Behind HDIL downfall lies a failed slum project that became financial drain.
Mumbai: After considered the third largest realty programmer in India,” Mumbai-based Housing Development and Infrastructure Ltd (HDIL) has only spiralled down over the last few years, together with the newest bang being the arrest of its own promoters in relation with one of the country’s largest bank scams.
On Thursday, Mumbai Police’s economic offences wing (EOW) arrested HDIL’s executive chairman Rakesh Kumar Wadhawan along with his son Sarang, the managing director of the company, in accordance with a $ 4,355-crore fraud in Punjab and Maharashtra Co-operative (PMC) Bank.
“Like a kidney stone, this too will pass” Sarang had stated in a meeting with a federal daily last year speaking about the times the business was facing with respect to its rising debt.
Sarang, 42, was confident that he will be able to tide over the financial burden given the firm owned a huge land bank of around 222 million sq. ft. The organization will offload property to repay the debts, he’d stated.
A management graduate from the University of Houston, Sarang joined the family business in 2000. Since then he had taken over the reins of the company.
HDIL, that is largely a slum developer, had come out unscathed during the fiscal collapse in 2008.
To be sure, the Wadhawan household’s businesses span property, financial services and retailstores. Ltd (DHFL), in addition to the household’s other retail and resort companies.
Afterwards Kapil and Dheeraj started another property firm, RKW Developers Ltd, possibly creating friction between the relatives.
Post the downturn, HDIL also started shifting its focus to mainstream residential and business growth.
But the $6,500 crore-MIAL job resulted in the downfall of the firm. The job was supposed to rehabilitate 80,000 families and, in turn, create development rights over 43.4 million sq. ft. But it got stuck midway and an excessive amount of debt has been taken to fund it. The organization, which made listed in 2007, also used up all of the profits of the first public offering to buy additional land parcels for your project.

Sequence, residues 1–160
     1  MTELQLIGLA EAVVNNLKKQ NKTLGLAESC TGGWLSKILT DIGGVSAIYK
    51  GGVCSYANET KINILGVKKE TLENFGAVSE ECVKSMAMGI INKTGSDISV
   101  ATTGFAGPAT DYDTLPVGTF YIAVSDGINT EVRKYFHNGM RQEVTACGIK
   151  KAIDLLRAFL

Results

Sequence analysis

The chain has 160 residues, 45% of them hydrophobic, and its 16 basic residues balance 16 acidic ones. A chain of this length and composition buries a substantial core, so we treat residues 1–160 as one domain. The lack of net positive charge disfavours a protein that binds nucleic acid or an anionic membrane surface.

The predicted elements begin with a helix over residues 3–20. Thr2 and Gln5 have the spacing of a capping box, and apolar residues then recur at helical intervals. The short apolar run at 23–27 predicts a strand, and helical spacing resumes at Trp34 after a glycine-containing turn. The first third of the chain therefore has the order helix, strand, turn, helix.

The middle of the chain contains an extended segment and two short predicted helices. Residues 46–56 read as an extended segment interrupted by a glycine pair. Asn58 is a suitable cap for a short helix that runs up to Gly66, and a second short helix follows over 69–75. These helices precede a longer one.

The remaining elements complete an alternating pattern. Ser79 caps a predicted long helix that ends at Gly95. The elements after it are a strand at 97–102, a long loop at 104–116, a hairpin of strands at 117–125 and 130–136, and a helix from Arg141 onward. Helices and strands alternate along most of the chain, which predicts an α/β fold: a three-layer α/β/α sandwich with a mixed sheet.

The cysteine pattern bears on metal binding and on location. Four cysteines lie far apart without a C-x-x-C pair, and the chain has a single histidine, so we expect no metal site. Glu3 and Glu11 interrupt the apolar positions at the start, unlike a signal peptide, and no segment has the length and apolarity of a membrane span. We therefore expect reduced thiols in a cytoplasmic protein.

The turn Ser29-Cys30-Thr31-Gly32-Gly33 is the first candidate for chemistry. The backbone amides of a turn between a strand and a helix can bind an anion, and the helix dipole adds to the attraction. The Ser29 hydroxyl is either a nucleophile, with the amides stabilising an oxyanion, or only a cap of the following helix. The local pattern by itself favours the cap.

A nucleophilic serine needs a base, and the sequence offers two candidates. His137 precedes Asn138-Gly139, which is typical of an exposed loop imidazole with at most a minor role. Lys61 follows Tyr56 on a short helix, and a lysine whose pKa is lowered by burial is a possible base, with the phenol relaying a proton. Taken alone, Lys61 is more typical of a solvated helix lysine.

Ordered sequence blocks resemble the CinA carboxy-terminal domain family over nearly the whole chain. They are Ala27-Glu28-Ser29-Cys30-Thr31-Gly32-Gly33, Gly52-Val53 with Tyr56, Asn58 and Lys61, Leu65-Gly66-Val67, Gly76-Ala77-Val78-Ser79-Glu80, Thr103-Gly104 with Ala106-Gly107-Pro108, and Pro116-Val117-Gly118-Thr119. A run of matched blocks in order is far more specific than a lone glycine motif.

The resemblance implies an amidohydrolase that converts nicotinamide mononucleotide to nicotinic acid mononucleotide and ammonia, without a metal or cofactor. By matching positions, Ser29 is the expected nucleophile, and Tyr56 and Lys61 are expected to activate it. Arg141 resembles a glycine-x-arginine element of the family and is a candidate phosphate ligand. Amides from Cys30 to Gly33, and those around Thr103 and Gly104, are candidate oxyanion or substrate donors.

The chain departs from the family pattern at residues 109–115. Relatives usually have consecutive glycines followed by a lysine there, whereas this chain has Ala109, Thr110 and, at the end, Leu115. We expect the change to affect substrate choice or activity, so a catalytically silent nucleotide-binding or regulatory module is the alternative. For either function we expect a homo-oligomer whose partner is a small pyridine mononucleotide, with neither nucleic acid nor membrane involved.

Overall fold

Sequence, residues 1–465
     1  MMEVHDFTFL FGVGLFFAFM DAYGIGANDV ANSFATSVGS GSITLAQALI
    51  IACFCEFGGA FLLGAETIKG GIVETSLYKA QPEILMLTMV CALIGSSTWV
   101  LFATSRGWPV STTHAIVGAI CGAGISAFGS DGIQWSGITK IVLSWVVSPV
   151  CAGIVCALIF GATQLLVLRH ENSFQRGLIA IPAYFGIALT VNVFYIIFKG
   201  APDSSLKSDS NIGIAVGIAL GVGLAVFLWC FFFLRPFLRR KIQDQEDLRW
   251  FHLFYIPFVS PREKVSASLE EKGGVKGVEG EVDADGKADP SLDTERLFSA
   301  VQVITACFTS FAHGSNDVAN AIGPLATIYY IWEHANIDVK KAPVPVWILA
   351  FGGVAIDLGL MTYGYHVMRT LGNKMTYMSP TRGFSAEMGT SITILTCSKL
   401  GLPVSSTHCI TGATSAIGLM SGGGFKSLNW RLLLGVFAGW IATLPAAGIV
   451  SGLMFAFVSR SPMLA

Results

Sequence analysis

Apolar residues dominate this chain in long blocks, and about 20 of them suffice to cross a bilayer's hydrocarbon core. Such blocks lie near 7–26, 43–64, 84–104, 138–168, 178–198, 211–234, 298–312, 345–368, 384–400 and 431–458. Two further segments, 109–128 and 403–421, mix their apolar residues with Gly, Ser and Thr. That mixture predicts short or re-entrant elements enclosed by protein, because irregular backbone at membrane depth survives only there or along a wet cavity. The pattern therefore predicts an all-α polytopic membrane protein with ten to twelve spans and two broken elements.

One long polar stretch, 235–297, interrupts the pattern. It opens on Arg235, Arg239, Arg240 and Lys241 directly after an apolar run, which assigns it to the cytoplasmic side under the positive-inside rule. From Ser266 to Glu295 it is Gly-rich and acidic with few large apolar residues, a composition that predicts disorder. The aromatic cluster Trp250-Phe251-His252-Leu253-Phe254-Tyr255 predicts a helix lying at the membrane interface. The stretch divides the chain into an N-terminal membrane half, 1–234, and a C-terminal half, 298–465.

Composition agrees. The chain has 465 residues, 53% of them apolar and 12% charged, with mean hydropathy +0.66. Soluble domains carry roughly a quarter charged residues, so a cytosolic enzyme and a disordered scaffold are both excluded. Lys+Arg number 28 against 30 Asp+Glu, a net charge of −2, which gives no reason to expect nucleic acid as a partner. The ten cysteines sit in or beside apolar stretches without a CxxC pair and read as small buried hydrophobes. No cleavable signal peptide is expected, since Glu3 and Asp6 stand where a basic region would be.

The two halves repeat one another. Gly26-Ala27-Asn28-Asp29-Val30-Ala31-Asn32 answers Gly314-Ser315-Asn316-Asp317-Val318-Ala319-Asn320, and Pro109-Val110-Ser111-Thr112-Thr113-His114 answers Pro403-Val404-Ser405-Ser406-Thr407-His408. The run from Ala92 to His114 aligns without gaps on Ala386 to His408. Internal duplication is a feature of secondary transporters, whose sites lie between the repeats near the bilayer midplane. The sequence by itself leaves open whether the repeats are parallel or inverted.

Subsequently, changing regulatory standards and the protracted slump in the residential housing market worsened the financial mess.
While HDIL is currently fighting for survival from the bankruptcy courtroom after Bank of India hauled into the National Company Law Tribunal (NCLT), something else had been drinking which would open a Pandora’s box of monetary wrongdoings of their Wadhawans.
This moment, the wreck was far deeper and a great deal more entangled within the household. For decades, the Wadhawans, known for their love of gaudy cars, had nearly treated PMC bank as a personal lender.
Last month, the suspended management manager of PMC Bank, Joy Thomas, confessed that the lender’s vulnerability to HDIL stood at $6,500 crore, that will be around 70 percent of the lender’s loan book. This had gone , completely from the radar of the auditors and the RBI for decades.
The partnership could be tracked back when the late Rajesh Kumar Wadhawan, subsequently manager of Land Development Corp. and many other firms run from the Wadhawan family, infused $13 lakh into the bank in 1986-87. Since that time the association between the creditor and the Wadhawan family had only grown.